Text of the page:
Treating Drop Foot
Definition of Drop Foot
Drop foot can be defined as a significant weakness of ankle and toe dorsiflexion.
The foot and ankle dorsiflexors include the tibialis anterior, extensor hallucis longus and extensor digitorum longus. These muscles help the body clear the foot during its swing phase and control plantar flexion of the foot on heel strike. This is referred to as a steppage gait, because the patient tends to walk with an exaggerated flexion of the hip and knee to prevent the toes from catching on the ground during the swing phase of the gait cycle.
This, in turn, will cause the foot to plantar flex, and potentially the foot will slap the ground. Two specific case studies have been chosen to highlight potential secondary consequences from a resultant primary trauma. It is important to note how the initial presentation is identical but the underlying factor is completely different.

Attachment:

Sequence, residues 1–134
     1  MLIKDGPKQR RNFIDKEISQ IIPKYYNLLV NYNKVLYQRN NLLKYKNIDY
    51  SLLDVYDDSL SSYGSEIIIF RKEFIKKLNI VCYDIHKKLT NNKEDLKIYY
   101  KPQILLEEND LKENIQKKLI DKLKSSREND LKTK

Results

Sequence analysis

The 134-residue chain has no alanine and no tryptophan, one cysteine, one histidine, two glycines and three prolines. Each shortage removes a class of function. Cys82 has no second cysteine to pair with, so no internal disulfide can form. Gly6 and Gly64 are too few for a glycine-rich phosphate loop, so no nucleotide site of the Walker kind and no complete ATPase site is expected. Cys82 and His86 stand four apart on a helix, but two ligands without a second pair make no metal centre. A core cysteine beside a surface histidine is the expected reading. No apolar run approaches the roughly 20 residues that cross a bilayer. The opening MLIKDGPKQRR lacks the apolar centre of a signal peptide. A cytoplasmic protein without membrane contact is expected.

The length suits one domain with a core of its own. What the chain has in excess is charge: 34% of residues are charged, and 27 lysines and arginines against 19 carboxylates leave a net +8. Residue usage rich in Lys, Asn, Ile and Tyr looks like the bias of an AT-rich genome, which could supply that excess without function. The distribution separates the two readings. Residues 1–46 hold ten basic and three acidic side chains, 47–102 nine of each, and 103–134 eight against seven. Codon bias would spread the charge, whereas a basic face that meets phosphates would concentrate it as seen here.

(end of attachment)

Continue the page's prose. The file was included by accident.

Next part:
Discussion of the case studies
Both of these athletes presented with exactly the same symptoms, i.e. they were unable to dorsiflex the ankle. When you have a situation like this, in which the main muscle involved in dorsiflexion (the tibialis anterior) is shown to be weak – or in more severe cases, unable to show a contraction within the muscle – then it is necessary to consider a problem with the nerve controlling the muscle. This nerve is called the deep peroneal nerve, which is a branch of the common peroneal nerve. Fibres from the dorsal branches of L4-S1 are found in the peroneal nerve, which is paired with the tibial nerve to constitute the sciatic nerve.
The sciatic nerve leaves the pelvic cavity at the greater sciatic foramen, just inferior to the piriformis muscle. The sciatic nerve splits to form the peroneal and tibial nerves near the distal thigh. The peroneal nerve crosses laterally over the fibular neck to the anterior compartment of the lower leg, dividing into superficial and deep branches. The superficial supplies the peronei and then branches to the ankle anterolaterally to supply sensation to the dorsum (or top) of the foot. The deep branch divides just after rounding the fibular neck.